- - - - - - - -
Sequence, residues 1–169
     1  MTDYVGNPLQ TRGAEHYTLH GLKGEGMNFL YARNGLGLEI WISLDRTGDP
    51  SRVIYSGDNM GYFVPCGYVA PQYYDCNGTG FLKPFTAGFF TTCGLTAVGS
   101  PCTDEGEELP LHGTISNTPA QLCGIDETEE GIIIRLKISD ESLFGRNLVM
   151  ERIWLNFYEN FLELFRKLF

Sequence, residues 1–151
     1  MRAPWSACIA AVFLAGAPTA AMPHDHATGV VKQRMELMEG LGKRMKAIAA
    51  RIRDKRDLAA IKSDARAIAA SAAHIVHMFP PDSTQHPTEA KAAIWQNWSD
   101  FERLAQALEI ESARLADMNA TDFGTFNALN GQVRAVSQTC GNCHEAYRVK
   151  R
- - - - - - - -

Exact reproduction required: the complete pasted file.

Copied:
Sequence, residues 1–169
     1  MTDYVGNPLQ TRGAEHYTLH GLKGEGMNFL YARNGLGLEI WISLDRTGDP
    51  SRVIYSGDNM GYFVPCGYVA PQYYDCNGTG FLKPFTAGFF TTCGLTAVGS
   101  PCTDEGEELP LHGTISNTPA QLCGIDETEE GIIIRLKISD ESLFGRNLVM
   151  ERIWLNFYEN FLELFRKLF

Sequence, residues 1–151
     1  MRAPWSACIA AVFLAGAPTA AMPHDHATGV VKQRMELMEG LGKRMKAIAA
    51  RIRDKRDLAA IKSDARAIAA SAAHIVHMFP PDSTQHPTEA KAAIWQNWSD
   101  FERLAQALEI ESARLADMNA TDFGTFNALN GQVRAVSQTC GNCHEAYRVK
   151  R